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Repainting exterior brick wall

Discussion in 'Decorating and Painting' started by donmaico, 17 Sep 2020.

  1. donmaico

    donmaico

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    Hello this wall faces the prevailing weather conditions and has always been a problem to me .I last painted it with Sandtex two years ago and the paint is already showing signs of peeling. Anyway I have spent a day trying to remove as much loose paint and not so loose paint ( in fact it took quite a bit of scraping ) as possible with mixed results. I used a pressure washer and scrapers with one section and got most of the paint off but it was slow and laborious so then I proceeded with the next section only removing the worst of it off and then thought of applying Zinsser Peel Stop across the whole area or some other primer that binds seals and provides a good backing for some Weathershield. I wonder if anyone can advise me please IMG_0104 (1).jpeg IMG_0103 (1).jpeg IMG_0101 (1).jpeg ? Thanks
     
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  3. DiyNutJob

    DiyNutJob

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  4. donmaico

    donmaico

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  5. DiyNutJob

    DiyNutJob

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    The primer is a glue. You can use this on top of exiting paint. This means you can selectively only repair the area that has failed. This would turn a huge job into an easy piecey one. At a regular distance, it's generally not possible to discern the areas with more or less layers of paint.
     
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  6. donmaico

    donmaico

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    The weather set to change .If I apply it today presumably I can wait until the weather gets better before applying Weathersheild on it ?
     
  7. DiyNutJob

    DiyNutJob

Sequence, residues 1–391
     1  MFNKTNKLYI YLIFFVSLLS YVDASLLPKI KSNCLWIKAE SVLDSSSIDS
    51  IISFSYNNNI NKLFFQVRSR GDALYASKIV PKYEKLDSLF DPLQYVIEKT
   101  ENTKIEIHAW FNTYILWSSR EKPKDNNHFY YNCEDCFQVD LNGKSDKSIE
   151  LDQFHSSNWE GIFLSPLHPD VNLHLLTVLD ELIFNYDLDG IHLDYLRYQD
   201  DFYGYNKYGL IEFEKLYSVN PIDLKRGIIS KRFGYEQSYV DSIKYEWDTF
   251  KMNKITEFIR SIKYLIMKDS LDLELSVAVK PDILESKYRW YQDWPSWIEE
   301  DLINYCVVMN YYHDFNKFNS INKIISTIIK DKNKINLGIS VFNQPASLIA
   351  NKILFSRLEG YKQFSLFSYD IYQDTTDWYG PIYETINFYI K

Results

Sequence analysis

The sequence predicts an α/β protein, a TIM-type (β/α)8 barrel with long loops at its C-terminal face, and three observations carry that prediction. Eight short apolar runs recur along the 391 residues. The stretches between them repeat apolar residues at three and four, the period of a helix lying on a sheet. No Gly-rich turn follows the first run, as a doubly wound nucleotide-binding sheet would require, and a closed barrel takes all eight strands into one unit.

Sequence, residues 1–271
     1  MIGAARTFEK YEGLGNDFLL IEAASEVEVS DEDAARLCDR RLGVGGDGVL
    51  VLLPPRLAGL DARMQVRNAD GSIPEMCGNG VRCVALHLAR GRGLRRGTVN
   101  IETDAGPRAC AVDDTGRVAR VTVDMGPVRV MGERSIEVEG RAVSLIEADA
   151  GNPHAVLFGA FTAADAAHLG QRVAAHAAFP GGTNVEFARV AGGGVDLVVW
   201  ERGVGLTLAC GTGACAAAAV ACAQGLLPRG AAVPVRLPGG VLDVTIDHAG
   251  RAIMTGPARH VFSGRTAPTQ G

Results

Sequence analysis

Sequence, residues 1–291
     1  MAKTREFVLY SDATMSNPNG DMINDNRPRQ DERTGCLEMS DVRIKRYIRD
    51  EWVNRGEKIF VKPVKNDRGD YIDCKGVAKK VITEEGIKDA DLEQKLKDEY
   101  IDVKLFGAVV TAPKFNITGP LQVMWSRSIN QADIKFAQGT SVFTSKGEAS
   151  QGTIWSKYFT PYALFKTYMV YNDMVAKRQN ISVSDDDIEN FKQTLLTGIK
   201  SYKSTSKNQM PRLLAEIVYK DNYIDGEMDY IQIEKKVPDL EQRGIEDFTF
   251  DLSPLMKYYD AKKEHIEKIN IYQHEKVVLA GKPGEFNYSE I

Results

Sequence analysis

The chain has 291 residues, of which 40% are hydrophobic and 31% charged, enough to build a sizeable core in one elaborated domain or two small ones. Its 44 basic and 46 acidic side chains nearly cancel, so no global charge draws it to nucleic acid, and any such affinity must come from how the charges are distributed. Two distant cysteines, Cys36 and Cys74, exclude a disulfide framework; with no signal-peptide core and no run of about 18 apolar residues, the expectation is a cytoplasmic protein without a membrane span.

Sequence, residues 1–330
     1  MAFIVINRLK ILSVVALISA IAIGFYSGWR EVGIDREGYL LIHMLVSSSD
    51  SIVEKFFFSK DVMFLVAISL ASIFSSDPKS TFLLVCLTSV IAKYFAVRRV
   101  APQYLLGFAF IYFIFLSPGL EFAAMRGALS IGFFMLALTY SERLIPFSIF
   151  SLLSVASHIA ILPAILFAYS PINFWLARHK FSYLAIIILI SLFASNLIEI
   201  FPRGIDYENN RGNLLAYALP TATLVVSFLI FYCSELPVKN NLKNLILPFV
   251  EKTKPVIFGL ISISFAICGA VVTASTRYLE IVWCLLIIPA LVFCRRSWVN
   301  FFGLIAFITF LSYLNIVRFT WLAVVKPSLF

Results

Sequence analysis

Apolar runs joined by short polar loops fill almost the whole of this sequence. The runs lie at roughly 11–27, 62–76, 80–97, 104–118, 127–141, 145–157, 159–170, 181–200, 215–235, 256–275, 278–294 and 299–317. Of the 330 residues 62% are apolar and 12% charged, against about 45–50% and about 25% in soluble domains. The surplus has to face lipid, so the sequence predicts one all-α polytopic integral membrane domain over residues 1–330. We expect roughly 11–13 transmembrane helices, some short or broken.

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    Water based primer dries quickly. I presume your topcoat is also water based. You could do both before the rain starts. I am no pro, and can't tell you what is the effect of the rain on the uncoated primer. Usually, the primer is water proof once cured.
     
  8. Harry Bloomfield

    Harry Bloomfield

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    I have two columns of rustic brick either side of the front door, the bottom two of each side were failing and crumbling due to weathering. They face the westerly winds and weather. I decided to repair the more serious damage at the bottom with cement, worked to match the rustic face, then once dry painted both columns top to bottom with Sandtex paint. That was some five years ago, it still looks just as it did when I first did it.

    The can of Sandtex was originally bought to paint rough concrete gate posts, many years ago. Those also had no issue with peeling Sandtex, though the entire posts were taken out ten years ago when I had new gates and posts fitted.

    I suspect it has remained well stuck, because of the rough surface of the bricks and the concrete. I suspect your peeling is because your bricks are smooth faced ones, so the Sandtex has little adhesion to the surface.
     
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